Influential Shia leader Muqtada al-Sadr, whose followers largely drove the past 48 hours of protests and violence that rocked the central Green Zone area of Baghdad – resulting in at least 30 deaths and injuries to hundreds more – has called for his supporters to disperse while further apologizing to the Iraqi people for the overnight deadly mayhem.
Al Jazeera correspondent observed Tuesday that “Supporters of Muqtada al-Sadr have started to leave the Green Zone area after their leader told them to end the protests.” Further suggesting greatly calmed streets which were hours ago scenes of running armed street battles with security forces, the report notes that “The military also announced that a nationwide curfew, which went into effect on Monday at 7pm local time (20:00 GMT), has been lifted, further raising hopes that there might be an end to the street violence.”
Acting prime minister Mustafa Al-Kadhimi welcomed Sadr’s speech. The Sadrist movement head issued the following warning to those still occupying government buildings: “The party is disciplined and obedient, and I wash my hands of those who do not withdraw from parliament building within an hour.” The ultimatum to his supporters appears to have worked for now.
A United Nations statement said the following: “UNAMI welcomes the most recent moderate declaration by Sayed Muqtada al-Sadr. As stated yesterday: restraint and calm are necessary for reason to prevail,” according to a UN Mission tweet.
Yet fears that the ongoing political gridlock in parliament – and inability to form a government going all the way back to a parliamentary election in October 2021 – could slide the country into civil war remain.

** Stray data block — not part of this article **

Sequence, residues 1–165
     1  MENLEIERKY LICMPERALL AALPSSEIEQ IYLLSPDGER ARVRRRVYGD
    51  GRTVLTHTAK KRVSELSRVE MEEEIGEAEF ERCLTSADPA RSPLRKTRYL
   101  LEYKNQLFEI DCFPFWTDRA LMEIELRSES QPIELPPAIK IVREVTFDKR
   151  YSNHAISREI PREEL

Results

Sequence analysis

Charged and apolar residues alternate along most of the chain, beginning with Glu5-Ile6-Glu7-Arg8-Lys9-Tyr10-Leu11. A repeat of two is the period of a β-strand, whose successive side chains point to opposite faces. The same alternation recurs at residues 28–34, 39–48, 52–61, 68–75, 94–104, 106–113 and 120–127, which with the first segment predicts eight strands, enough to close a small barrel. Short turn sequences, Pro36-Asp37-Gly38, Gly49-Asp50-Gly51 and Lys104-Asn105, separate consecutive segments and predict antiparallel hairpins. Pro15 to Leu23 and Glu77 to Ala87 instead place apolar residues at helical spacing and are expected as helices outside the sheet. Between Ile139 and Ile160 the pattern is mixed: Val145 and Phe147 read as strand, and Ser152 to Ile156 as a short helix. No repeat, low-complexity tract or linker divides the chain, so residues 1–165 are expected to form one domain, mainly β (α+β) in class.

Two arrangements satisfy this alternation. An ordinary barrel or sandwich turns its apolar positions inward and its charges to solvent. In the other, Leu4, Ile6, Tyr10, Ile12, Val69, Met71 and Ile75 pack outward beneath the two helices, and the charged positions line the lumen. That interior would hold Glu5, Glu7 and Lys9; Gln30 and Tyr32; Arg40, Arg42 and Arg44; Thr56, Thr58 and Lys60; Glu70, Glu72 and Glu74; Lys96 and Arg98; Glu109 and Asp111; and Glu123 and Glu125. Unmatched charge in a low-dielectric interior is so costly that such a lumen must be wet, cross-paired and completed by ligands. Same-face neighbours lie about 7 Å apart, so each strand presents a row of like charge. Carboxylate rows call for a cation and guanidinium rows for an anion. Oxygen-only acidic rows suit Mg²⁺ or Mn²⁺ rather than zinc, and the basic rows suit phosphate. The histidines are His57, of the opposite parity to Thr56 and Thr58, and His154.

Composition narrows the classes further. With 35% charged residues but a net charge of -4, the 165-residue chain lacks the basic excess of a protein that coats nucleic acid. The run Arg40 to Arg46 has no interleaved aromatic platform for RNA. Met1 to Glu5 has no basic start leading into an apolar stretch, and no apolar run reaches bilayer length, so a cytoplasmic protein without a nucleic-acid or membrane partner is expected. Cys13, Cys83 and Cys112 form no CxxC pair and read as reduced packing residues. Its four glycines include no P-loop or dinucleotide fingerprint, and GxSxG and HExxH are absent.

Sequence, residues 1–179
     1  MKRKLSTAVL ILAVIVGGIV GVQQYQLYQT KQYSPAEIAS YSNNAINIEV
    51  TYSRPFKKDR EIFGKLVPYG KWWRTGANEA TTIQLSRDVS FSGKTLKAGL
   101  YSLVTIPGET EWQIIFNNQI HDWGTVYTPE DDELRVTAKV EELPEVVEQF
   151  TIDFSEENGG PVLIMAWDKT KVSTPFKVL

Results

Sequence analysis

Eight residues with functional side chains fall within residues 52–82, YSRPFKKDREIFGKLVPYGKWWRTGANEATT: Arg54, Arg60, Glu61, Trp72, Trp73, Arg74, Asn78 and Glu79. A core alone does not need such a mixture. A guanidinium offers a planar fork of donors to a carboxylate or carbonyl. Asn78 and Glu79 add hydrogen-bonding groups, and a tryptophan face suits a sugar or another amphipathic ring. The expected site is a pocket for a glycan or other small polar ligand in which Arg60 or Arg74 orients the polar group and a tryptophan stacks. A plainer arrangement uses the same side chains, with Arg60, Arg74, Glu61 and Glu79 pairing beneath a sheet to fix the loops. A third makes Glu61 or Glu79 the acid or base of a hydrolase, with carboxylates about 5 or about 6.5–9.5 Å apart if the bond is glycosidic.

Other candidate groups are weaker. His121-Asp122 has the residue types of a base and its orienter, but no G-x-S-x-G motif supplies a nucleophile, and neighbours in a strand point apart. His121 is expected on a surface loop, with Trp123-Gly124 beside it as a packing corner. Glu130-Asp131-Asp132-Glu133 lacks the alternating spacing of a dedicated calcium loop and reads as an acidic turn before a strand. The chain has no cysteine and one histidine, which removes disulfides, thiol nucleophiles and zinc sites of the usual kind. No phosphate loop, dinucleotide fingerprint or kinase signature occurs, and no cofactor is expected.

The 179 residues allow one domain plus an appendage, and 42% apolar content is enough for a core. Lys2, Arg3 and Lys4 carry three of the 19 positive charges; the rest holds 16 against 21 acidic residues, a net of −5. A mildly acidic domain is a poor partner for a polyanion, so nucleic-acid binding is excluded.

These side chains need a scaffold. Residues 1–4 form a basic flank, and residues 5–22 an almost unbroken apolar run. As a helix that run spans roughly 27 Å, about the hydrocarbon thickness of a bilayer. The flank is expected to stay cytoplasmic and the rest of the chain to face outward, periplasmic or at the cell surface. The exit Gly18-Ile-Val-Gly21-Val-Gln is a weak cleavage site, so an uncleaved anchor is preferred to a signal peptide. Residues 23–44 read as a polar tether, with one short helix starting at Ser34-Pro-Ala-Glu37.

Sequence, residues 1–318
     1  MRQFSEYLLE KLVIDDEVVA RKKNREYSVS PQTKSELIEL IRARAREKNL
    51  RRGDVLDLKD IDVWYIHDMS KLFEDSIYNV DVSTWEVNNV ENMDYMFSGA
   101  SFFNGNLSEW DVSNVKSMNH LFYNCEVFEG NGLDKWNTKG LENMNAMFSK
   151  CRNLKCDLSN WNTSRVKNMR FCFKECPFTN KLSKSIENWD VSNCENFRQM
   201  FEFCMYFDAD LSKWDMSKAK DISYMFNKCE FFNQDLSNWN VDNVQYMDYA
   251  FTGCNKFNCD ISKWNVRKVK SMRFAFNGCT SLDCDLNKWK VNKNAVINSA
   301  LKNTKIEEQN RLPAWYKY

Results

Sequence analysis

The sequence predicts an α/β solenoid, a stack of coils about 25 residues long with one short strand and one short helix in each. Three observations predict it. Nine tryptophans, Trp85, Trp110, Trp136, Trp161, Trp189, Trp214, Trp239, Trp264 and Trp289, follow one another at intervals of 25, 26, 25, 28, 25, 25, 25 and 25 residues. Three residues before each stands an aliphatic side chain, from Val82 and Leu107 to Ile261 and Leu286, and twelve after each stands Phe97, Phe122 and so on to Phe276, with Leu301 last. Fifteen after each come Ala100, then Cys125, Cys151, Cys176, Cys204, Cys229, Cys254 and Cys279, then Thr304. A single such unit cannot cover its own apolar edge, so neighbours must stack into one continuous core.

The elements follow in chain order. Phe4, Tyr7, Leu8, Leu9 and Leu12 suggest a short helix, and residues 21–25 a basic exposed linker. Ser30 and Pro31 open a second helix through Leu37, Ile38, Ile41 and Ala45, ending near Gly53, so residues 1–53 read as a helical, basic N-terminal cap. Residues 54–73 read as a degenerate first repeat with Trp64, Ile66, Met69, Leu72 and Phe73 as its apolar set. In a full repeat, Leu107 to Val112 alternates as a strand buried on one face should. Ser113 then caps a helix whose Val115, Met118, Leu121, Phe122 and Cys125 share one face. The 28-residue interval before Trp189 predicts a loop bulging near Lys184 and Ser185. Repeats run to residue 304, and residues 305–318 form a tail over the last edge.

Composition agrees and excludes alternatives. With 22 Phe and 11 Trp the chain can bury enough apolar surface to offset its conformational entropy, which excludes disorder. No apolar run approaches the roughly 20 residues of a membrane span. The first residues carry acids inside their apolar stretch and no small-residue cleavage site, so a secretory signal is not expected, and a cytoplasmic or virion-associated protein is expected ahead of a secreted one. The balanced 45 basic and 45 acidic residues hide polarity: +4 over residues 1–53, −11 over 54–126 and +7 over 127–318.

It remains to be seen whether significant unrest will spread to other provinces, but Iraq’s southern city of Basra – a hotbed of pro-Sadr support, whose withdrawal from politics sparked these latest clashes (or as his supporters say… being forced out) – has this week seen angry protests and confrontations with security forces.
Neighboring countries have been concerned enough over the potential that things could spiral further to take action regarding their citizens. First, Kuwait issued a public alert telling its nationals to depart the country, and on Tuesday Iran announced border closures with Iraq, citing fresh “unrests” and the curfew in Iraqi cities. This is significant given the huge numbers of Iranian religious pilgrims visiting Iraq on a regular basis.
Further, according to The Associated Press:
Dubai’s long-haul carrier Emirates stopped flights to Baghdad on Tuesday over the ongoing unrest in Iraq. The carrier said that it was “monitoring the situation closely.”
Iraq’s military has confirmed that at least four rockets had been fired into the Green Zone, which according to widely circulating videos triggered the US Embassy’s C-RAM anti-air defense system. There still appears to be the threat ongoing random armed attacks outside the Green Zone perimeter into Tuesday…
Baghdad Green Zone this morning.. pic.twitter.com/qoluYl5gh3
— Aldin 🇧🇦 (@tinso_ww) August 30, 2022
Unlike many prior instances of the outbreak of violence in Baghdad since the US ended its large-scale occupation of the country, this particular conflict has pitted rival Shia factions against each other:
Al-Sadr’s exit from politics prompted his supporters to storm the government palace in Baghdad’s Green Zone on Monday, where clashes with rival pro-Iran Shia groups killed at least 30 people.
“I thank the security forces that took a neutral stance with all parties,” he said, adding that the pro-Iran Popular Mobilization Unit (PMF) that have integrated with the Iraqi security forces have nothing to do with what is happening.
Some reports suggested casualties among police and security ranks, however. Al Jazeera on Tuesday updated its figures to say that over 700 have been injured.
As we detailed earlier, Iraqi authorities are meanwhile seeking to reassure the world regarding unimpacted oil exports.
BAGHDAD IS IN SHAMBLES pic.twitter.com/6bTUnA2Vgw
— The_Real_Fly (@The_Real_Fly) August 30, 2022
The White House has been relatively quiet over these last 24 hours of violence rocking the high-secured Green Zone, only stating that the events “disturbing” while calling for “dialogue” in the wake of al-Sadr quitting politics.